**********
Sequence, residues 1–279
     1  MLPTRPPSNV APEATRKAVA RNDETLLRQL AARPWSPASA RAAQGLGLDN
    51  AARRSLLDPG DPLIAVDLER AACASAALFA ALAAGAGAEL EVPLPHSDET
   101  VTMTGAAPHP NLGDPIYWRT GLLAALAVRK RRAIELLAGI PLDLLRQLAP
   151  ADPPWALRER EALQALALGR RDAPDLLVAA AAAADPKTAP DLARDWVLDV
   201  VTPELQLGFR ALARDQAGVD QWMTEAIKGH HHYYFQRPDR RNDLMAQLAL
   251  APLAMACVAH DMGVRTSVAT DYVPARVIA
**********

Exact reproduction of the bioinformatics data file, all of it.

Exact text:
Sequence, residues 1–279
     1  MLPTRPPSNV APEATRKAVA RNDETLLRQL AARPWSPASA RAAQGLGLDN
    51  AARRSLLDPG DPLIAVDLER AACASAALFA ALAAGAGAEL EVPLPHSDET
   101  VTMTGAAPHP NLGDPIYWRT GLLAALAVRK RRAIELLAGI PLDLLRQLAP
   151  ADPPWALRER EALQALALGR RDAPDLLVAA AAAADPKTAP DLARDWVLDV
   201  VTPELQLGFR ALARDQAGVD QWMTEAIKGH HHYYFQRPDR RNDLMAQLAL
   251  APLAMACVAH DMGVRTSVAT DYVPARVIA